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Darwin and Hitler: Prominent anti-Jewish voices rejected Darwin

Many of the most prominent advocates of the above ideas knew little about Darwin, or actually repudiated him. So how could Darwinism be necessary for the Holocaust? Gobineau was skeptical of evolution, famously quipping “I’m not sure if humans came from apes, but we’re certainly heading in that direction.” Houston Chamberlain, the biologist whose massively influential racial meta-narrative modified Gobineau’s ideas into hatred of Jews and elevation of Germans, rejected Darwin outright. In his magnum opus of race, Foundations of the 19th Century,Houston Stewart Chamberlain. The Foundations of the 19th Century, 2nd ed., published by John Lane, The Bodley Head, 1912. In the discussion that follows I will quote liberally from this edition, available... he passionately pleaded for Germans to recognize that the entire “moral and intellectual history of Europe” was a dramatic struggle between the contaminating chaos created by Jews and half-breeds, and the great attainments of civilization created by the masterful Germanic spirit. He thought Darwinism was part of the problem, not cure, and emphatically decried “the evolution mania and the pseudo-scientific dogmatism of our century” and “the frenzy produced by the dogma of evolution, which has led to such confusion of thought in the 19th Century.” Speaking of the “powerful influence” exercised by “a manifestly unsound system like that of Darwin” the following could almost have come from Expelled:

And so we have seen the idea of evolution develop itself till it spread from biology and geology to all spheres of thought and investigation, and, intoxicated by its success, exercised such a tyranny that any one who did not swear by it was to be looked upon as a simpleton.lxxxviii "Introduction," in print edition.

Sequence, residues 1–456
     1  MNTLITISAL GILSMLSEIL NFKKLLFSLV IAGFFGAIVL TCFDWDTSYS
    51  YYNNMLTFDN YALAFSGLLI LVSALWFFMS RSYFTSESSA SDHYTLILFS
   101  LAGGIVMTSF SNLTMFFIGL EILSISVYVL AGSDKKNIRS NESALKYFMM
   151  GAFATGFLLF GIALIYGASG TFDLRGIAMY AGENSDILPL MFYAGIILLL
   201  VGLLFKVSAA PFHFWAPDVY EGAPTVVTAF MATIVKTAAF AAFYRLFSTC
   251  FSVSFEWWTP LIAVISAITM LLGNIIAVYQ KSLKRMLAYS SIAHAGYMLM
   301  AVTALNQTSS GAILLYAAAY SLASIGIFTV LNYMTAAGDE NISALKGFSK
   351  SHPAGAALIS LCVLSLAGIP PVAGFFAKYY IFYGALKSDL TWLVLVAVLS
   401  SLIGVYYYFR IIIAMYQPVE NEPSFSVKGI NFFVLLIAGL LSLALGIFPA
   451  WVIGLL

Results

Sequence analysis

An intellectual freedom fighter! And Chamberlain did not stop with critiquing the excesses of Darwinism. He advocated a wholesale rejection of scientific materialism (sharing this goal, but surely not others, with the agenda of the DI, which “seeks nothing less than the overthrow of materialism and its cultural legacies.”)Wedge Document, Discovery Institute. http://www.evolutionnews.org/2005/10/discovery_institute_s_wedge_document_how.html For his doctoral work he argued that the major mechanistic theories of the day could not explain how water could flow so high up trees from their roots, and postulated a non-material “vital force.” It turns out that plant water relations was an area of emphasis in my own doctoral work as well, and Chamberlain was entirely correct to reject existing mechanistic theories as being inadequate. But he was wrong to conclude that because we couldn’t explain it then, we needed a special non-material cause. We have since discovered a fascinating explanation for the “ascent of sap.” This points out the danger of arguing for special forces on the basis of gaps in present understanding. In any case, it turns out that Chamberlain was never awarded his doctorate. Expelled?

Not really, and he was certainly not expelled from social influence. Chamberlain arguably became one of the most expansive master-race theorists in Germany, if not all history. In addition to repudiating Darwinism and rejecting scientific materialism, his views were anchored in a spiritual, explicitly Christocentric understanding of history. “The birth of Jesus Christ is the most important date in the whole history of mankind... ’history’ in the real sense of the term only begins with the birth of Christ...non-Christian peoples have no true history, but merely annals.” For Chamberlain, Jews were the resistors of historical progress. Germans were the intellectual, moral, and even biological heirs of divine destiny. (Thus, “Christ was no Jew” and there was “not a drop of genuinely Jewish blood in his veins.”)

Chamberlain’s thinking does not appear to involve mere religious posturing but genuine conviction: “having once seen Jesus Christ - even if it be with half-veiled eyes - we cannot forget Him...[nothing]can dispel the vision of the Man of Sorrow when once it has been seen.” His book was widely discussed throughout Germany, being required reading in civic life. Early in his political career, Hitler visited the nationally prominent ageing anti-Semite several times in his family home. After one such visit, Chamberlain wrote “Most respected and dear Hitler...That Germany, in the hour of her greatest need, brings forth a Hitler is proof of her vitality...May God protect you!”Houston Stewart Chamberlain, Briefe 1882-1924, un Briefwechsel mit Kaiser Wilhelm II, Vol.I (Munich: F.Bruckmann, 1928) pp124-6. Cited in The Nazi Germany Sourcebook: An Anthology of Texts. 1933-1945....